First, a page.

Leica M (Typ 240): Leitz Tele-Elmarit-M 90mm f/2.8

The First M-Mount Lens Bought after the Leica M... | Body with Lens Attached | Some Technical Data | Color Shading and Vignetting | Sample Images | Close-Up Behavior | Conclusions | Links

On these pages you can find my first personal experiences with my M-mount lenses at the Leica M (Typ 240). This page is devoted to the Leitz Tele-Elmarit-M 90mm f/2.8 lens, the first lens that I bought after purchasing the Leica M (Typ 240) and which might - or might not - replace my Leitz Elmar-C 90mm f/4 lens (see Leitz Tele-Elmarit-M 90mm f/2.8 versus Elmar-C 90mm f/4 for a first comparison).

All lens pages: Voigtländer 15mm f/4.5 | Voigtländer 15mm f/4.5 III | Zeiss Biogon 21mm f/4.5 | Leica Elmarit-M 21mm f/2.8 ASPH. | Leica Elmar-M 24mm f/3.8 ASPH. | Voigtländer 25mm f/4 (M39) | Minolta M-Rokkor 28mm f/2.8 | Zeiss Biogon 35mm f/2.8 | Zeiss Sonnar 50mm f/1.5 | Voigtländer 75mm f/2.5 (M39) | Leitz Hektor 85mm f/2.5 (M39) | Leitz Elmar-C 90mm f/4 | Leitz Tele-Elmarit-M 90mm f/2.8 | Leitz Tele-Elmar 135mm f/4

See also: Leitz Tele-Elmarit-M 90mm f/2.8 versus Elmar-C 90mm f/4 - Leitz Tele-Elmarit-M 90mm f/2.8 versus Hektor 85mm f/2.5 - Leitz Hektor 85mm f/2.5 (M39) - Leitz Elmar-C 90mm f/4

 

The First M-Mount Lens Bought after the Leica M...

I bought the Leitz Tele-Elmarit-M in February 2016 via the l-camera-forum for 490 EUR (product number 11800; serial number 2587227 > built by Leitz Canada in 1973; but "production era" was between 1974 and 1986). It was my first lens that I bought after I had purchased the Leica M (Typ 240).

           

Figures: Leitz Tele-Elmarit-M 90mm f/2.8 lens - Leitz Elmar-C 90mm f/4 lens for comparison (right)

 

Body with Lens Attached

    
     
 

Photos: Leica M (Typ 240) with Leitz Tele-Elmarit-M 90mm f/2.8 lens and with Leitz Elmar-C 90mm f/4 lens (bottom right) for comparison

 

Some Technical Data

Data Leitz Tele-Elmarit-M 90mm f/2.8 Leitz Elmar-C 90mm f/4 lens (for Comparison)
Model number 11800 11540
Focal length 90 mm (05 as correction, unclear what this amounts to...) 90 mm
Angle of view (35mm film) 27° diagonal 27° diagonal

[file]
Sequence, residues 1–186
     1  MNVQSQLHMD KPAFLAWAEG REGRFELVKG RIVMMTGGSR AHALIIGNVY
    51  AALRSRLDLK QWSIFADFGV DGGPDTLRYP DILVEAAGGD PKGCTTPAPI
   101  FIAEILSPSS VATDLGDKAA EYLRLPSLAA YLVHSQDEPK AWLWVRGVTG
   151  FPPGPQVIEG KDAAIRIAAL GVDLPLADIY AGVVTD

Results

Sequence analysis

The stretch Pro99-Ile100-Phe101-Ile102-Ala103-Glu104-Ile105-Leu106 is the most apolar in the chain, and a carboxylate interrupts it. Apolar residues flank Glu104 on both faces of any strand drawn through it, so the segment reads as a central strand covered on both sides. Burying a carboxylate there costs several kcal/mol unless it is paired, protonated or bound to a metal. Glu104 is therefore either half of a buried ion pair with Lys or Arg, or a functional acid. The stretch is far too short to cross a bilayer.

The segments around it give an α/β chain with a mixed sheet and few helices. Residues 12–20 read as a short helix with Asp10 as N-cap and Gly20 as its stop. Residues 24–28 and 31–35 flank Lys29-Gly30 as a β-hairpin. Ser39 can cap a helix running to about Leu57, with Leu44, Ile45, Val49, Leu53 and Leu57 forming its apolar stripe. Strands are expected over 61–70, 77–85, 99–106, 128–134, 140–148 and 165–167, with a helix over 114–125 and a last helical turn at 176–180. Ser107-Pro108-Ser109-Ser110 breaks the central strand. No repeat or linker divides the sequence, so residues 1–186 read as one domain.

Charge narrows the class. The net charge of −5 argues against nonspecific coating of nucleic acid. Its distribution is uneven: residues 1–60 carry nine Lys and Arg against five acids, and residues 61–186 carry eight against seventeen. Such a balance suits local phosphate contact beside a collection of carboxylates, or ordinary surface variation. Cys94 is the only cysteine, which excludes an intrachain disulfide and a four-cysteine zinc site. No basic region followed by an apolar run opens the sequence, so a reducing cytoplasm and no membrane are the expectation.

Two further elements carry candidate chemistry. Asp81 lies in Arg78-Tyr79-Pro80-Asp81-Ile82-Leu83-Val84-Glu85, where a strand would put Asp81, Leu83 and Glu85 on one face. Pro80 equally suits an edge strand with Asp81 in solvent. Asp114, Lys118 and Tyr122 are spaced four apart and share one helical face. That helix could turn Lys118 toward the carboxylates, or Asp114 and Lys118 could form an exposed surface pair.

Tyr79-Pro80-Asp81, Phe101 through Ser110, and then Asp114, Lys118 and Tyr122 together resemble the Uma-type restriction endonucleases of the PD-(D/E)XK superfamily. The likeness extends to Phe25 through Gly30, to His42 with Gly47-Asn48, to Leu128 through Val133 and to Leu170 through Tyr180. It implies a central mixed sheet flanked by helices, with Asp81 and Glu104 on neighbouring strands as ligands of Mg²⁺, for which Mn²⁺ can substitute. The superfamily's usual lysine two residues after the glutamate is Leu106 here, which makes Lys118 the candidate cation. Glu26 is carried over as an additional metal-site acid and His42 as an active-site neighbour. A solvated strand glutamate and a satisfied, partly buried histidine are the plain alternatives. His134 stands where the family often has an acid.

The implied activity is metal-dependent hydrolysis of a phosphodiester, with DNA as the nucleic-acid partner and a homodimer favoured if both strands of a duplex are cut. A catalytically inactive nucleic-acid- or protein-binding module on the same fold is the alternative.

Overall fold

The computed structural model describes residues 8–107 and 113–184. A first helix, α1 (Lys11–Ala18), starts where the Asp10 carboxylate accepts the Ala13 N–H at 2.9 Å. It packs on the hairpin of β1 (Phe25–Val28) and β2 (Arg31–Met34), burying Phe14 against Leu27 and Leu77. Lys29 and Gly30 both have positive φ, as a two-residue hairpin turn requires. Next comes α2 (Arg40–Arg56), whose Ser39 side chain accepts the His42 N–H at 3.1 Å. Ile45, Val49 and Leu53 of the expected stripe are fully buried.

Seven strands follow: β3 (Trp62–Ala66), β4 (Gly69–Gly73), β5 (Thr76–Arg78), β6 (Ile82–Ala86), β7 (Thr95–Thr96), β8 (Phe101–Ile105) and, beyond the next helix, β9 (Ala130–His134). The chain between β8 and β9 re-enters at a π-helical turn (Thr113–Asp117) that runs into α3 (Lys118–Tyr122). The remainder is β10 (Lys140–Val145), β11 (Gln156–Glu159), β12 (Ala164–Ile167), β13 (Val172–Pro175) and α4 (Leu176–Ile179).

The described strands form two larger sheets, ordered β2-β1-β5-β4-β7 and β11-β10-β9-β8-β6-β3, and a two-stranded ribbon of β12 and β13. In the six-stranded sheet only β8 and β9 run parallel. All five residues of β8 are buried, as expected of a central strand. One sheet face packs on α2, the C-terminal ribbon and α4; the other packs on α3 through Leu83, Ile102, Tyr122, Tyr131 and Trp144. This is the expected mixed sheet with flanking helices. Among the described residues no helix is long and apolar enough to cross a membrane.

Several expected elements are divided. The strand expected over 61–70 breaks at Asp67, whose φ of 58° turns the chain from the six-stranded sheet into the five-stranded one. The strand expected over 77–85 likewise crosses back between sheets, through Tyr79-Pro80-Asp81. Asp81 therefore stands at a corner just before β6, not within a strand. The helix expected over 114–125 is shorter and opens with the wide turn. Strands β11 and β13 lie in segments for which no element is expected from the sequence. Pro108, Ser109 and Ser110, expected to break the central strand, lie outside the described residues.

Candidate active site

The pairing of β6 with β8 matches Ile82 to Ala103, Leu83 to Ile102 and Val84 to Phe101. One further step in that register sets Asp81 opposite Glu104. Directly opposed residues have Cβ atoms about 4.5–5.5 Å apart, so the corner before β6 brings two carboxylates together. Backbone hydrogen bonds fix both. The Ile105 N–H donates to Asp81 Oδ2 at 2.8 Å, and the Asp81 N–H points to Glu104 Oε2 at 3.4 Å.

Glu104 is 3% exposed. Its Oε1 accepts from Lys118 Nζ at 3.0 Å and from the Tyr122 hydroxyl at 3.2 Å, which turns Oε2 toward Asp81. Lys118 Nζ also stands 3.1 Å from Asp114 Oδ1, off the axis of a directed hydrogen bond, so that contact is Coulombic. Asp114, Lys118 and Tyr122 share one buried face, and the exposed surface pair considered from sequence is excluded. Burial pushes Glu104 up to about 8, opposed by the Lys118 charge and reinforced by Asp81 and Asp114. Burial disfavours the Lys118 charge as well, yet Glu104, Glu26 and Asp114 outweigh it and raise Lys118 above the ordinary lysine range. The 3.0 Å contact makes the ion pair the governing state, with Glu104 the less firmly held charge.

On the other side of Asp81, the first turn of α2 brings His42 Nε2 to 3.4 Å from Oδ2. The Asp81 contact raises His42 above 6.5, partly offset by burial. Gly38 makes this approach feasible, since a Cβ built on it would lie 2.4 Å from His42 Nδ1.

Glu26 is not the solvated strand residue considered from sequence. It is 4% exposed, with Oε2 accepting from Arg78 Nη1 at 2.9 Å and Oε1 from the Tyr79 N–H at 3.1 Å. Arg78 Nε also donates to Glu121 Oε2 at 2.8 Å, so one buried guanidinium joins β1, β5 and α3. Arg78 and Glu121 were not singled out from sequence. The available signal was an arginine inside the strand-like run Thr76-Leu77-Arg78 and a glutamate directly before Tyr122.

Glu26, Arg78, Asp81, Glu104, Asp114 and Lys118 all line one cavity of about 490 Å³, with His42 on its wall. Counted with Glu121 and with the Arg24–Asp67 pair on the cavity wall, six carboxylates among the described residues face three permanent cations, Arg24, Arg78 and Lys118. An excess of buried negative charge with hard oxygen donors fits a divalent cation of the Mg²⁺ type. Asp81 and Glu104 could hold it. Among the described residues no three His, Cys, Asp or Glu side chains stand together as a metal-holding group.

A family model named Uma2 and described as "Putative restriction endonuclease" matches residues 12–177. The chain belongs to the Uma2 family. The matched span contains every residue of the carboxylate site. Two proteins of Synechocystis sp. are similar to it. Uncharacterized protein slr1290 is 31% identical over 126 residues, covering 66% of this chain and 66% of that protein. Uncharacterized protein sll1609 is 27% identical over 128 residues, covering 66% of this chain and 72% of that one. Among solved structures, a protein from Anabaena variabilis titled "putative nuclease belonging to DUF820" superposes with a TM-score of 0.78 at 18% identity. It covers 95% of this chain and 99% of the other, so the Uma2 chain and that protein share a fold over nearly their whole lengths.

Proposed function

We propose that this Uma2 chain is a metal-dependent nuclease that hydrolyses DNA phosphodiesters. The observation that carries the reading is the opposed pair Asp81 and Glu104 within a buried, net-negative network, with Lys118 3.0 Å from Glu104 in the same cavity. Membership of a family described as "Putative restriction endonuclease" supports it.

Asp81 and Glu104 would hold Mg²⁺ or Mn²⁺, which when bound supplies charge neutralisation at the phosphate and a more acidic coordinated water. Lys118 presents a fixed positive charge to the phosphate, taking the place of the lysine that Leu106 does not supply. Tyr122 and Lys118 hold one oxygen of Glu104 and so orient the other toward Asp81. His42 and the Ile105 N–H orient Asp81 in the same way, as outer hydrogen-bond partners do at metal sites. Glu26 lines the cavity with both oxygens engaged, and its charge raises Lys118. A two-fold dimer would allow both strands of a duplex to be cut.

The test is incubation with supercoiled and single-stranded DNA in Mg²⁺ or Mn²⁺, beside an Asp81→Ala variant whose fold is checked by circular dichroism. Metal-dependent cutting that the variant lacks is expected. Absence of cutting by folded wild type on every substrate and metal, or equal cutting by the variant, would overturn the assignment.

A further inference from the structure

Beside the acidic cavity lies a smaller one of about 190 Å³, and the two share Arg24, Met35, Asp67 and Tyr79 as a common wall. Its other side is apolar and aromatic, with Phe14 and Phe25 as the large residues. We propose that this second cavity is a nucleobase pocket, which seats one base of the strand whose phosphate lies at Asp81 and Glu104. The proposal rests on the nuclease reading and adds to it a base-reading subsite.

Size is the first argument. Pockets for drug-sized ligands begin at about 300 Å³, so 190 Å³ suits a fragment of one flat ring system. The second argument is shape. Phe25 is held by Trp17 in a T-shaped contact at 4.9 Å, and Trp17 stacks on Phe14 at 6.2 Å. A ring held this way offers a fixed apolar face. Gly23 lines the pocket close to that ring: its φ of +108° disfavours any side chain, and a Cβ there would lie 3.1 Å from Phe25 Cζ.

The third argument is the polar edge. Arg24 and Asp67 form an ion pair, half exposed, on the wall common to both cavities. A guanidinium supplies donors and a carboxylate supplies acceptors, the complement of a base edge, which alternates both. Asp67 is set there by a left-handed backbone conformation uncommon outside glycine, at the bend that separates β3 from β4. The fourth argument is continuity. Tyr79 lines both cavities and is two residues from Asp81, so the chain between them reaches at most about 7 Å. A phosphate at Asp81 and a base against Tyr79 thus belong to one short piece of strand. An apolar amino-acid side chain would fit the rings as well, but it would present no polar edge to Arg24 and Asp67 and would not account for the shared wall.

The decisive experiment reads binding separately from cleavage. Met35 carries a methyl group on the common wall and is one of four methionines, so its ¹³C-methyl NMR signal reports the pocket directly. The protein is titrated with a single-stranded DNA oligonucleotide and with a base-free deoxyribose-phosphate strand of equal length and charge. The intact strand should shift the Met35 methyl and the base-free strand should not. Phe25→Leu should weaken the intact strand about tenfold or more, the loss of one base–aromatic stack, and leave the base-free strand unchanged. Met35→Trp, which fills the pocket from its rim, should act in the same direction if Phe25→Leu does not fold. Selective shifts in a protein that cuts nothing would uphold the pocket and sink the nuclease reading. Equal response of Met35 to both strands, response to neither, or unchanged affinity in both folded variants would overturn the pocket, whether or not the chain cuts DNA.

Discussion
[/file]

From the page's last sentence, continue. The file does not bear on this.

Maximum aperture 2.8 4
f-stop range 2.8-16 4-22
Number of iris blades 10 10
Number of lenses/groups 4/4 4/4
Shortest distance 1.0 m 1.0 m
Weight 225.8 g (Ken Rockwell) (210 g on our own scales) 246/270 g (210 g on our own scales)
Length 61.3 mm at infinity, 67.92 mm overall (Ken Rockwell)) 60 mm (61 mm)
Maximum diameter 51 mm 51 mm
Filter thread 39 mm filters (E39) 39 mm - 5.5 type; do not use 39 mm filters - may cause damage!
Lens hood folding rubber hood (11250) with its own pop-in cap (11252), screw mount; the lens was supplied with this hood, but mine came with a metal lens hood 12575, which can also be used (I can use the rubber hood from my Elmar-C) folding rubber hood (11250) with its own pop-in cap (11252), screw mount; the lens was supplied with this hood
Smallest object field / magnification 1:9 (Ken Rockwell), 372 x 248 mm / 1:10.4 (calculated), 300 mm / 1:8.4 (from photo) 330 x 220 mm (Olypedia); 372 x 248 mm / 1:10.4 (calculated); 300 x 200 mm / 1:8.4 (from photo)

Lens Hoods

The Tele-Elmarit M 90mm f/2.8 can use the screw-in folding rubber hood (11250) with its own pop-in cap (11252). The hood has a special 5.5 type filter thread that cannot take 39 mm filters.

This lens can also use the metal lens hood 12575, which can also be used with the Tele Elmar 135mm/f4.

    Metal lens hood 12575 to the right on all photos

 

 

 

 
     
   

 

Color Shading and Vignetting

At the end of November 2015, I did a more systematic investigation into color shading and vignetting, which was also meant to provide (at least, preliminary) calibration images to be used with the CornerFix application for removing color shading. I followed the recommendations for calibration images, set exposure compensation to +1, and used the lenses' maximum aperture as well as f/8. Distance was set to infinity to smooth out irregularities in a white cardboard that I photographed. The test below was done in February 2016 after I had purchased the lens. The test was done at a dull day and with a different cardboard.

This investigation confirmed the first impressions in most aspects. Here are the results for the Leitz Tele-Elmarit-M 90mm f/2.8 lens (11800):

Lens Detection Option, Selected Lens f/2.8 f/8
"Off"
None
"Off"
None
"Manual"
Leitz Tele-Elmarit-M 90mm f/2.8
11800 (the lens itself)
"Manual"
Leitz Tele-Elmarit-M 90mm f/2.8
11800 (the lens itself)

Photos: Calibration shots with Leitz Tele-Elmarit-M 90mm f/2.8 (11800)

There is practically no color shading. The manual setting for this lens improves vignetting slightly, but vignetting is already very low at f2.8 (and non-existing at f/8). Thus, selecting the lens manually improves the low vignetting even more. Overall, this lens has considerably less vignetting than my Leitz Elmar-C 90mm f/4.